Ellen G. White Writings

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The Adventist Home, Page 472

Chapter 76—Holidays And Anniversaries

The Need of Guidance in Holiday Observance—I saw that our holidays should not be spent in patterning after the world, yet they should not be passed by unnoticed, for this will bring dissatisfaction to our children. On these days when there is danger that our children will be exposed to evil influences and become corrupted by the pleasures and excitement of the world, let the parents study to get up something to take the place of more dangerous amusements. Give your children to understand that you have their good and happiness in view.1Testimonies for the Church 1:514, 515.

Through the observance of holidays the people both of the world and of the churches have been educated to believe that these lazy days are essential to health and happiness, but the results reveal that they are full of evil.2Fundamentals of Christian Education, 317.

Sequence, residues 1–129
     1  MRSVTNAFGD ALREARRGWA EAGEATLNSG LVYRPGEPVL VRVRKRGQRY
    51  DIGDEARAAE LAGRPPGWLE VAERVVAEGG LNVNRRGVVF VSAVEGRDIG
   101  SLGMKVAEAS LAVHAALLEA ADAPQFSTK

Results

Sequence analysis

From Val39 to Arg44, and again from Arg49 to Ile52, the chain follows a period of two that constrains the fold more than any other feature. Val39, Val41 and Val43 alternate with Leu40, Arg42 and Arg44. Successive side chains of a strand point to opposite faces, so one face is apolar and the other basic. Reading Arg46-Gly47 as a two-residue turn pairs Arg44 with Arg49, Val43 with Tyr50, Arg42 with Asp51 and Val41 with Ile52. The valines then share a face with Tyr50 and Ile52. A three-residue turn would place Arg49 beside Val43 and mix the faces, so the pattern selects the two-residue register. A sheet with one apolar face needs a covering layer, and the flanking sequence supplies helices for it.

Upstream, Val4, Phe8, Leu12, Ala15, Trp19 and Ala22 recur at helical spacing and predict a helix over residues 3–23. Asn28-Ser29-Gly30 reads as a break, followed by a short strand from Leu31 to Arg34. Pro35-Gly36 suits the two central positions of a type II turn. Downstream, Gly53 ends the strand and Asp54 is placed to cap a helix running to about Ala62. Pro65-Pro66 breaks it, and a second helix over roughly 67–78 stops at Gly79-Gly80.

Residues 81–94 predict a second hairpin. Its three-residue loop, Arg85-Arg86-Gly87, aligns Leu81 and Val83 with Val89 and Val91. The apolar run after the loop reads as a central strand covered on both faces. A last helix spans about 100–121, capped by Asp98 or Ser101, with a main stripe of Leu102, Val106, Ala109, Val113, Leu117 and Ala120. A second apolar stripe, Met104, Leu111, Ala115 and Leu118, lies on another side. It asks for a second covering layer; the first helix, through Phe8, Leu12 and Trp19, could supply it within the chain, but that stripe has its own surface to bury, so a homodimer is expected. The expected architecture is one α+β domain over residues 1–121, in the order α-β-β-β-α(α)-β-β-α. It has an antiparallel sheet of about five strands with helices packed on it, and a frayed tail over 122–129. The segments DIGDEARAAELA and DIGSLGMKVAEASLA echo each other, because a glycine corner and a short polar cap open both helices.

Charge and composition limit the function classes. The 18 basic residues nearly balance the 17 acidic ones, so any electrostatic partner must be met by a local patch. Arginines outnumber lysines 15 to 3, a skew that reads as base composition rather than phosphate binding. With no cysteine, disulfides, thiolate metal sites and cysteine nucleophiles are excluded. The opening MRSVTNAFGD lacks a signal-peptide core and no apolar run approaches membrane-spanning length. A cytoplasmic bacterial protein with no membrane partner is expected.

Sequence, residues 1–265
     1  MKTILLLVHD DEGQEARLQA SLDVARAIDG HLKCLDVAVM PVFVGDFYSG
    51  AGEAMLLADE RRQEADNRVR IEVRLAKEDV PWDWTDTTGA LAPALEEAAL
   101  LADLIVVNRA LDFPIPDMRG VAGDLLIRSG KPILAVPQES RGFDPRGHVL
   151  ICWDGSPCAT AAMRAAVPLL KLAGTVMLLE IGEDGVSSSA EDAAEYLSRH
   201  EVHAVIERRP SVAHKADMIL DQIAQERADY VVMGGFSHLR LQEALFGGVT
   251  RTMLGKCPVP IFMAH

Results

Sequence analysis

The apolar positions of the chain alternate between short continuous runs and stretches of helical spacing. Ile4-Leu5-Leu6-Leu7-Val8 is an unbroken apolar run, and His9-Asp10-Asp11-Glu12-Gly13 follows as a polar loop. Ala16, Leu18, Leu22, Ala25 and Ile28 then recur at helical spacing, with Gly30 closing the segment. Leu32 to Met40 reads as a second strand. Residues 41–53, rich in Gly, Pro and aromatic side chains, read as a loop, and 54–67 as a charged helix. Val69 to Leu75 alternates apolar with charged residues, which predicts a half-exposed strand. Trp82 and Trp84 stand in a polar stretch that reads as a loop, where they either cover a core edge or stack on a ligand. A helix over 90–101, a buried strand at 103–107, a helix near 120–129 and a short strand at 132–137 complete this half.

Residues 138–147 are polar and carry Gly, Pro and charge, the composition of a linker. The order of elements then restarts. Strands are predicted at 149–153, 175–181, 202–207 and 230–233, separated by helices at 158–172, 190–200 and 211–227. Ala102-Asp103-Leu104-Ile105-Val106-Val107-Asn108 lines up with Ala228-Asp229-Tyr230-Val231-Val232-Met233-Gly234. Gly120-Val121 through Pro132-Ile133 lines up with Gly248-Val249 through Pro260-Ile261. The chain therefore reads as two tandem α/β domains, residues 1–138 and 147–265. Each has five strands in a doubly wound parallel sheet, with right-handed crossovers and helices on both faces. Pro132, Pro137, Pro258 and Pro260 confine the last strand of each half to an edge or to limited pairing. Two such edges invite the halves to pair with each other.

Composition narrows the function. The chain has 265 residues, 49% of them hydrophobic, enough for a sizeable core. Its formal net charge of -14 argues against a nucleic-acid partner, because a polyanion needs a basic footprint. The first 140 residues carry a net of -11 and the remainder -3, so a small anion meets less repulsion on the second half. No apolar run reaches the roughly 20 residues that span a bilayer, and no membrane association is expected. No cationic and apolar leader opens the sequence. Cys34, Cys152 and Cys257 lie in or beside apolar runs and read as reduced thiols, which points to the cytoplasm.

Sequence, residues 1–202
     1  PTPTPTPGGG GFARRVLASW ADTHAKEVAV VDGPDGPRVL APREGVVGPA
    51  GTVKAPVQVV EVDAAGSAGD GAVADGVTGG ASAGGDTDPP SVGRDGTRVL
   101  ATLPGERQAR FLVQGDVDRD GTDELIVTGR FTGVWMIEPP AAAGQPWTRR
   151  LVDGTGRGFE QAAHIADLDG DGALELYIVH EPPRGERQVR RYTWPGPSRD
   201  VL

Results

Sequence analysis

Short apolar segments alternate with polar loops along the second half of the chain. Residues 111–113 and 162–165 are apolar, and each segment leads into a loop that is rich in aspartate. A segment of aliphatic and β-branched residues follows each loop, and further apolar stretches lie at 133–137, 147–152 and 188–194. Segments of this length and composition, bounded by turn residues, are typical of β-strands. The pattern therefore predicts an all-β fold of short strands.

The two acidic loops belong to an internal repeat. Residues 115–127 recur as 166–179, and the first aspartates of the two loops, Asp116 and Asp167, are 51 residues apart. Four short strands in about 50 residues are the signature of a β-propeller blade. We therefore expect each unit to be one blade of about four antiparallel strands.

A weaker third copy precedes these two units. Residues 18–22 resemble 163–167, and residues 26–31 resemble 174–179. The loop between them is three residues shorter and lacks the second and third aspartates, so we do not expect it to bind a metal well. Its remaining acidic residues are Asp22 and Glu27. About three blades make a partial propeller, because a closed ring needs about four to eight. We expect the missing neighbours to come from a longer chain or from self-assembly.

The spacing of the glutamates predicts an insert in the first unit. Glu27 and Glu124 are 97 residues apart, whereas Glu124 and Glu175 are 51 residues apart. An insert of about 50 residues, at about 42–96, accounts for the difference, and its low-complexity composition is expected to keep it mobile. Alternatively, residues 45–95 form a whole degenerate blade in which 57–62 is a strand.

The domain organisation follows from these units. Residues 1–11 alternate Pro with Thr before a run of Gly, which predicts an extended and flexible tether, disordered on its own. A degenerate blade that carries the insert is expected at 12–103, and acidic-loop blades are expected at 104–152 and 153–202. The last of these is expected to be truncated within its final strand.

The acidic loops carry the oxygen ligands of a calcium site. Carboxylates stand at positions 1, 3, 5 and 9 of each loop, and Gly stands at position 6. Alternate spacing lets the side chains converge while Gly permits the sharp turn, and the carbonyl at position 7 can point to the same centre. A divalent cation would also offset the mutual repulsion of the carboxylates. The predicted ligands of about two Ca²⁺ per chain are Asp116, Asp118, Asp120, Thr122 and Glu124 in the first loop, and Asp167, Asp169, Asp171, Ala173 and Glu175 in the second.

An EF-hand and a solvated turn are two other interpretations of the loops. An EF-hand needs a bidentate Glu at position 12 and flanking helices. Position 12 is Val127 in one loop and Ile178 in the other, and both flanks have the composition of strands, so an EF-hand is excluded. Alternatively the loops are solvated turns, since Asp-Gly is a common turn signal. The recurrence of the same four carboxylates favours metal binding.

We have tried earnestly to make the holidays as interesting as possible to the youth and children, while changing this order of things. Our object has been to keep them away from scenes of amusement among unbelievers.3The Review and Herald, January 29, 1884.

Shall the Angel Record, “A Day Lost?”—After a day of pleasure seeking is ended, where is the satisfaction to the pleasure seeker? As Christian workers, whom have they helped to a better, higher, and purer life? What would they see if they should look over the record the angel wrote? A day lost! To their own souls a day lost, a day lost in the service of Christ, because no good was accomplished. They may have other days but never that day which was idled away in cheap, foolish talk, of girls with boys, and boys with girls.

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